Chuck Berry

The Best of Chuck Berry [Not Now]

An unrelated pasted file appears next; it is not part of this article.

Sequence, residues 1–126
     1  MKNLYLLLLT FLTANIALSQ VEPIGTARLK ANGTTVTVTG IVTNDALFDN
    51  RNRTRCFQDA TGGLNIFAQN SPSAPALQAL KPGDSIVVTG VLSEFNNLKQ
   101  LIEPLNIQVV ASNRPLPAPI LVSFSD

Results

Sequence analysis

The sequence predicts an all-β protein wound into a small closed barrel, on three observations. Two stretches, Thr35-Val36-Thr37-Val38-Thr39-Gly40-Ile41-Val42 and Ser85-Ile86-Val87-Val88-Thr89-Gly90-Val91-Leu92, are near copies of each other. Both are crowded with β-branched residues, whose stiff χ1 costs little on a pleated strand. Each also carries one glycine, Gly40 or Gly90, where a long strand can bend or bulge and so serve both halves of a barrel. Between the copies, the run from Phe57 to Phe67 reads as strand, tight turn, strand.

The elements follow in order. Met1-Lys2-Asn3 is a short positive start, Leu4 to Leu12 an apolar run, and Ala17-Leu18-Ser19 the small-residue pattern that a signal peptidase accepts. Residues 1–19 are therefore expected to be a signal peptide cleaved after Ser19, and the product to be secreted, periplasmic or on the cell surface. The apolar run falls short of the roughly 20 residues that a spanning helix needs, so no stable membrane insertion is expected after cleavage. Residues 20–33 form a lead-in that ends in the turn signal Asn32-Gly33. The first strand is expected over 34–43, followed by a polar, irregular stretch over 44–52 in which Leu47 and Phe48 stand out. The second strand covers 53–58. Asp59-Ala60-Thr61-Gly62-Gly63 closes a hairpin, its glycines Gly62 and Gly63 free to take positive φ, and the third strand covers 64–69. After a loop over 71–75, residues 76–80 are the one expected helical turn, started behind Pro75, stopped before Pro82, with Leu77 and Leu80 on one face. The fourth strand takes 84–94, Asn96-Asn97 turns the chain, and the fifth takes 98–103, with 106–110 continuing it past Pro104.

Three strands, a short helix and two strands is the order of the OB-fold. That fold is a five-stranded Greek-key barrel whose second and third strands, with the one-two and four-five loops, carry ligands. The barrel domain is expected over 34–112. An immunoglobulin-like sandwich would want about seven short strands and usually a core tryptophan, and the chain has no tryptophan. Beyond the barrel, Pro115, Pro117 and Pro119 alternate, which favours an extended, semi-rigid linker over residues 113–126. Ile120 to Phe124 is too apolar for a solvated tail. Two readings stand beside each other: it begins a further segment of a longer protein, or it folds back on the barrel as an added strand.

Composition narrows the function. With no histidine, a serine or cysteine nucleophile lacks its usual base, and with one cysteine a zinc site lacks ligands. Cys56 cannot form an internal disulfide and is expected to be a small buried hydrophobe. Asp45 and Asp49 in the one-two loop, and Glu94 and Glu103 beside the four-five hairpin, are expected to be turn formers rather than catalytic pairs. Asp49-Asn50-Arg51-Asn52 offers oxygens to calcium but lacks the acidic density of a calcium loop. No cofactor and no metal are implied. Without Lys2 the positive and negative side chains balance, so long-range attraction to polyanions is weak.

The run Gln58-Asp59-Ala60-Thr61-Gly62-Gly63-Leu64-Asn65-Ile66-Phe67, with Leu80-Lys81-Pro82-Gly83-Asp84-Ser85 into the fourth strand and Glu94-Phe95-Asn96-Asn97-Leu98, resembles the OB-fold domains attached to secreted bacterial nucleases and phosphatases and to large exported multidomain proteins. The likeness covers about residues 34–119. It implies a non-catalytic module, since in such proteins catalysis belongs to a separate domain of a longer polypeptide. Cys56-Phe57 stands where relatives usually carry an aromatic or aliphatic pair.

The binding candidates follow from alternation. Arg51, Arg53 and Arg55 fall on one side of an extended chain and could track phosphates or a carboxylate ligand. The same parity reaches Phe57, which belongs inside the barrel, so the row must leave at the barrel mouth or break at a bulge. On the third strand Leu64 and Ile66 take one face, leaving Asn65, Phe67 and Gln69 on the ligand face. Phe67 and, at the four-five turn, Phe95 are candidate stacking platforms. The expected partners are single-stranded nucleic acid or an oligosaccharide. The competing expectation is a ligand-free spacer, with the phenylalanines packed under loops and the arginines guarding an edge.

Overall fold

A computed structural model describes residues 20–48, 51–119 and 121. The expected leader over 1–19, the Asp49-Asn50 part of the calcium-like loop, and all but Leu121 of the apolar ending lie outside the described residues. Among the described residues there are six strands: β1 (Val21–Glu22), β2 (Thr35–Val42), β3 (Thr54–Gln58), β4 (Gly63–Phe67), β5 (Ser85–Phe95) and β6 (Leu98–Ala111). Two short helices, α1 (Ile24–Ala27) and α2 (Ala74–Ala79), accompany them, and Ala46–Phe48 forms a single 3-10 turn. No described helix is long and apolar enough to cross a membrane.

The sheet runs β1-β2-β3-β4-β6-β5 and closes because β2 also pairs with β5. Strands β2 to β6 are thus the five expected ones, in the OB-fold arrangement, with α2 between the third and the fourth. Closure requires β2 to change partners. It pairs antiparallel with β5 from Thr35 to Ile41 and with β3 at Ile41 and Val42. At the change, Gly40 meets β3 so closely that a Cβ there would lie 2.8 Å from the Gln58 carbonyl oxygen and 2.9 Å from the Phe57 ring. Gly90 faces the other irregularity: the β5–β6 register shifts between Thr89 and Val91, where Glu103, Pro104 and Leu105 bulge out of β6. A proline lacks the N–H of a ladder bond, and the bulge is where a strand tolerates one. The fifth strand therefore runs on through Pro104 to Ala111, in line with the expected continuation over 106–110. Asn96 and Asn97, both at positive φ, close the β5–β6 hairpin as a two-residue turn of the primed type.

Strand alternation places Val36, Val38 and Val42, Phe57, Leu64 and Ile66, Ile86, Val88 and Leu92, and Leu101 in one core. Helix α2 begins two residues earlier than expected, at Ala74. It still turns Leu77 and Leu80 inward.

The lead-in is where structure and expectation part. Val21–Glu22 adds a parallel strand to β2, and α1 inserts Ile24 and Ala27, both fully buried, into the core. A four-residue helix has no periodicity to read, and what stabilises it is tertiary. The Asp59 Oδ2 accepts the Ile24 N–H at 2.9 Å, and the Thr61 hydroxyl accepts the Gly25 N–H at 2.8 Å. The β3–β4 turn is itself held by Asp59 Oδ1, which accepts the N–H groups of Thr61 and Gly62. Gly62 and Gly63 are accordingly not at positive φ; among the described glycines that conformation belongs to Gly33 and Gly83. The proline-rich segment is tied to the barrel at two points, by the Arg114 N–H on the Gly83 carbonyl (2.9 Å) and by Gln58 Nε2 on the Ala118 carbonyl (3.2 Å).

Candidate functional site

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A pivotal catalyst in the formation of rock & roll, Chuck Berry welded beat poet lyrics to revved up blues riffs, and with his easy knack for spinning believable and universal narratives in his songs, all of which seemed to feature cars and motion, he was a musical treasure long before anyone really realized it. He sketched out a new kind of American music in the mid-'50s, and then almost single-handedly put the electric guitar at the center of it all. This set combines his first two LPs for Chess Records, 1957's After School Session (featuring Otis Spann on piano, Willie Dixon on bass, and Jimmy Rogers on guitar) and 1958's One Dozen Berrys (with Dixon on bass and Hubert Sumlin on guitar), on two CDs and adds in bonus tracks for each session. The result is some vintage Chuck Berry doing what Chuck Berry does on gems like "Too Much Monkey Business," "Brown Eyed Handsome Man," "Maybellene," the spooky "Downbound Train," and the calypso-tinged "Havana Moon." This set doesn't really make for the "best" of Chuck Berry, though, in spite of the new title, since it lacks some key songs like the brilliant "No Particular Place to Go," the fluid and just slightly eerie "You Never Can Tell," and "Promised Land," but it still paints a nice portrait of the early Berry.

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